The Dodgers and the Dee Gordon dilemma

Well, here we are again. Why do I suspect it’s not the last time?

Barring an unforeseen trade, for better or worse the Dodgers are currently wedded to Dee Gordon at shortstop. And at the moment, it is for the worst.

Right now he looks terrible at shortstop. Dare I say it, he looks like Jose Offerman. Looks like he has lost complete confidence. Every ball hit to him is pure adventure. He was advertised as an exciting player, but don’t think this is what anyone had in mind.

Then there is Gordon, leadoff hitter, another current disappointment. Gordon is currently batting .227 – and that’s after one of the season’s quietest eight-game hitting streaks (10 for 32) came to an end Wednesday.


For a leadoff man, he also has a miserable .268 on-base percentage. Mark Ellis, the No. 2 hitter, has scored 50% more runs than Gordon.

Manager Don Mattingly understandably keeps saying the same thing – it’s all about the growth process of a young player. That’s true, of course, but how long can the Dodgers wait for this maturation process?

They are unexpectedly on top their division by five games – the largest lead in the majors. It would be easier to put up with the stops-and-starts of his development if they were headed for another .500 season.

But if they are evolving into an actual contender, and Gordon continues on this path, then ultimately patience is going to be in shorter supply, or should be. They can’t afford him to cost them games.


Defensively he’s all over the map, capable of making an outstanding play and then dropping a routine grounder on the next one. His nine errors are the most in the majors. He looks achingly uncomfortable.

“People ask me about Dee’s defense, I haven’t really noticed it being bad,” Mattingly said. “What do you mean?”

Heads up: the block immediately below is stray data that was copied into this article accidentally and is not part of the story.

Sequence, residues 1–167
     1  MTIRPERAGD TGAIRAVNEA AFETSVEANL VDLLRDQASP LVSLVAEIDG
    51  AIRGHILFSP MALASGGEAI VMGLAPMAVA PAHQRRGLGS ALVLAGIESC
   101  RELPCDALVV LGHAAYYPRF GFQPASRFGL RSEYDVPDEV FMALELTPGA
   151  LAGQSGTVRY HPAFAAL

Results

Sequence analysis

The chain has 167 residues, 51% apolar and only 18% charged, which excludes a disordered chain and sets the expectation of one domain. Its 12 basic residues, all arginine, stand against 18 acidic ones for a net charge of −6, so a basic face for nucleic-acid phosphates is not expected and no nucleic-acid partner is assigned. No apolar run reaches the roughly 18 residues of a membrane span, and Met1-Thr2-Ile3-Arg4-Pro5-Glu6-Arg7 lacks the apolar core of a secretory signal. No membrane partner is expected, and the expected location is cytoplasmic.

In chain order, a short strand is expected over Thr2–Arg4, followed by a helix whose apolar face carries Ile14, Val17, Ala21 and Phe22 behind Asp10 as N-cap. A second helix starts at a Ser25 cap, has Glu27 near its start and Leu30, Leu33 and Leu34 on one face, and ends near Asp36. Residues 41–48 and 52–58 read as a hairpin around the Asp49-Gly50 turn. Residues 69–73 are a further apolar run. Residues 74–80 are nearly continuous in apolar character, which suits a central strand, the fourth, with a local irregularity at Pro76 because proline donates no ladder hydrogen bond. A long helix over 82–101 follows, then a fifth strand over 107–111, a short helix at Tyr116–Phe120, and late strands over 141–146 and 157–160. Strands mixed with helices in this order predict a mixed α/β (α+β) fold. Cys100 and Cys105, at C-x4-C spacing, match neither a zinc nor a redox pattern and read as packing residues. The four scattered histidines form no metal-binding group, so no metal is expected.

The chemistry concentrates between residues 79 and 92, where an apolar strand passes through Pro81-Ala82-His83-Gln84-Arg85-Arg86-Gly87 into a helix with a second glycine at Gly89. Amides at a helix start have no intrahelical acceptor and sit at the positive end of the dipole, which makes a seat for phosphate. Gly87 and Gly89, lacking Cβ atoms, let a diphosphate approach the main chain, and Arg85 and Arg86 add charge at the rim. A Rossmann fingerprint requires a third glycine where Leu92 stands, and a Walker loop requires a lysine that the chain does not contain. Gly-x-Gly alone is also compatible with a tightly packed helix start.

So I mentioned his error on Monday against the Giants when he actually managed to make three miscues on one play – fumbling the ball, throwing it to Eagle Rock and then dropping the relay at second.

“To me that play is one mistake just kind of wearing the air, trying to do more,” Mattingly said. “That ball gets away from him, then he’s going to scramble and try to make a play, then he’s coming up thinking, ‘I shouldn’t throw this ball’ and is trying to stop it, then he throws. One got compounded.

“It goes back to him being young and trying to make something happen. To me, his defense has been fine. And I think it’s something we live with. We knew we had a young shortstop who was going to be out there a lot, you’re going to live with that. You’re going to get some excitement when he makes some great plays, and he’s made some of those. And then we’re going to have some plays …”

Gordon, 24, is like most young players these days. He arrived to the majors far from polished. Sort of the anti-Maury Wills.

Maybe he calms down, gets it together and plays the rest of the season closer to the way he did last September (.372). The Dodgers have no other real option at shortstop. So for now, they put up with the highs and lows, and await a leveling out.

“It’s part of what we live with, part of his growth,” Mattingly said. “The same thing on the bases. He’s still trying to force the action a little too much, instead of letting it happen and picking his spots. But that’s kind of what makes him a big-time base-stealer, is that he thinks he can make it all the time. He’s fearless.”



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The Dodgers and the Dee Gordon dilemma

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